Friday, January 27, 2017
Understanding The Law Of God - The Second Use of God's Law Is To Demonstrate Man's Need For The Gospel
Romans 2:12-16 "For all who have sinned without the Law will also perish without the Law, and all who have sinned under the Law will be judged by the Law; 13 for it is not the hearers of the Law who are just before God, but the doers of the Law will be justified. 14 For when Gentiles who do not have the Law do instinctively the things of the Law, these, not having the Law, are a law to themselves, 15 in that they show the work of the Law written in their hearts, their conscience bearing witness and their thoughts alternately accusing or else defending them, 16 on the day when, according to my gospel, God will judge the secrets of men through Christ Jesus."
In the last post we began a series of posts aimed at better understand the Law of God as revealed in the Old and New Testaments. The approach of these posts is to consider what theologians refer to as the "three uses" of the law. In categorizing the Law of God by its various uses, the student of scripture can better understand the important distinctions between Law and Gospel and how the Law of God relates to sinners and saints.
We looked at what is commonly called "The First Use Of The Law", which mainly deals with the law of God on the human conscience curbing society's propensities towards lawbreaking. We deemed this first use as having to do with "Discouraging Rebellion" with respect to culture and society. Passages such as Romans 13 highlight this first use by way of identifying the function of governmental enforcement of the laws of the land in curbing societal evils. Today we will consider what is called "the second use of the law", namely in pointing sinners to their need for salvation.
The Law's Second Use: Demonstrates the sinner's need for Jesus Christ
Whereas the 1st use of the law operates everywhere and all the time, this second use of the law is more evident in the context of the Holy Spirit's call to sinners in the gospel. Paul states plainly in Galatians 3:24 - "Therefore the Law has become our tutor to lead us to Christ, so that we may be justified by faith." When sharing the Good News of Jesus Christ, it is vital to first share the bad news of man's condition through the law. Paul's masterpiece Epistle to the Romans begins with the announcement of God's wrath in the main body of his letter (Romans 1:18). We then find that mankind is spiritually, morally and relationally in crisis before a Holy, just God (Romans 1:19-3:20).
It is by the light of the law that we come to know that sin is sin (Romans 7:7). This revelation of the "bad-news" unveils the nature of our disease - sin. Before we can appreciate the cure "the Gospel"; we first come to terms with the mortal disease called sin. This second function of God's law points the way to one's need for Christ.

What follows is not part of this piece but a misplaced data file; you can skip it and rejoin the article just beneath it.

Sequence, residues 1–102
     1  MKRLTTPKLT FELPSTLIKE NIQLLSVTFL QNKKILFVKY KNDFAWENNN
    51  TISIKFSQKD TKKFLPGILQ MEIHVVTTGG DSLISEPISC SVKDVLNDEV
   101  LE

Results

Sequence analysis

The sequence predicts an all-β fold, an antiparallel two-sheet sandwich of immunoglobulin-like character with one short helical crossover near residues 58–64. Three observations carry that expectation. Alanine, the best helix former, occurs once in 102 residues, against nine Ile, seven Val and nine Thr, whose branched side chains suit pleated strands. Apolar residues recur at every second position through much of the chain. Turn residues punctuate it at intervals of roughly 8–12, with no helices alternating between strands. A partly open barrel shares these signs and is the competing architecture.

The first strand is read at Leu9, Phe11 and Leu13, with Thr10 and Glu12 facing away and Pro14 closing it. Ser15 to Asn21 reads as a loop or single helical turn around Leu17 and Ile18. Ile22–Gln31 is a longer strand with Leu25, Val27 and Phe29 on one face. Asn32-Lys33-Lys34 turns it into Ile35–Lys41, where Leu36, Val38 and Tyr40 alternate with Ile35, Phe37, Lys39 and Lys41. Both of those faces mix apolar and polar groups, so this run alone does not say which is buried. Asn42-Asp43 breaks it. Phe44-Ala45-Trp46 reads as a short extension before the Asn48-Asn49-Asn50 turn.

How the law of God can be used in sharing the Gospel
Evangelist Ray Comfort has highlighted this second use of the law by comparing the law to a needle that punctures the human heart with a series of holes so as to thread through the scarlet thread of the Gospel. Lest man's heart be pricked by the hardened needle of the law of God, there will not be the needed tenderizing of the heart to receive the Gospel offered in saving grace.
When Jesus was sharing the Gospel with the rich young ruler in Mark 10, He used the law. The man's rejection of the testimony of the law revealed He was not ready to receive the grace of God through Jesus. Jesus used the law of God in his evangelistic appeals when dealing with self-righteous people or those who needed awakened by the slumber of their sinful condition.
Another masterful use of the law in Gospel presentations is witnessed in the life of the Apostle Paul. When Paul makes mention of the Law's function of showing him his sin in Romans 7:7-13, he is referring back to his pre-conversion days. Paul, who had been formally known as the Jewish leader and Christian persecutor "Saul of Tarsus", described how the law of God came. As Saul of Tarsus, he thought he was doing good as a religious leader. However, when the law revealed Saul of Tarsus to be an enemy of God, he at first wanted to inwardly rebel and reject the indictment. The Spirit of God worked through the needle of the law to prick Saul of Tarsus' heart, preparing it for the scarlet thread of the Gospel to point him to Christ. Christ of course would meet Saul on the Damscus road, leading to his response of saving faith and transformation from Saul the sinner to Paul the missionary. It is this second use to which Paul alludes to in 1 Timothy 1:9a "realizing the fact that law is not made for a righteous person, but for those who are lawless and rebellious, for the ungodly and sinners...". So in closing out our post today, we can say that thus far, we have noted two uses of the Law of God: to discourage rebellion and curb the tide of societal evil and then to demonstrate to the hearts of sinners their need for Christ and His salvation.
More next time....